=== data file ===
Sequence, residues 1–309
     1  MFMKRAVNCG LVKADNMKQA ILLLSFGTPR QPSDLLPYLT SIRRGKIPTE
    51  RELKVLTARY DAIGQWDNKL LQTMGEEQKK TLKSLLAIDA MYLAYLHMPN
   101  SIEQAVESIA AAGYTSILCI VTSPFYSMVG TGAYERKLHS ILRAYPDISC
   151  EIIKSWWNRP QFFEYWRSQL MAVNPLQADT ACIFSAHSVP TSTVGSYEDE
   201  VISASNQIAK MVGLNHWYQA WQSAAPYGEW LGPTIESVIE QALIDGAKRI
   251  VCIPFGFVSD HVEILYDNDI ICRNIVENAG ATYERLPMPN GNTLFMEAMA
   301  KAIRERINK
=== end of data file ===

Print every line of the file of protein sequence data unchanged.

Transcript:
Sequence, residues 1–309
     1  MFMKRAVNCG LVKADNMKQA ILLLSFGTPR QPSDLLPYLT SIRRGKIPTE
    51  RELKVLTARY DAIGQWDNKL LQTMGEEQKK TLKSLLAIDA MYLAYLHMPN
   101  SIEQAVESIA AAGYTSILCI VTSPFYSMVG TGAYERKLHS ILRAYPDISC
   151  EIIKSWWNRP QFFEYWRSQL MAVNPLQADT ACIFSAHSVP TSTVGSYEDE
   201  VISASNQIAK MVGLNHWYQA WQSAAPYGEW LGPTIESVIE QALIDGAKRI
   251  VCIPFGFVSD HVEILYDNDI ICRNIVENAG ATYERLPMPN GNTLFMEAMA
   301  KAIRERINK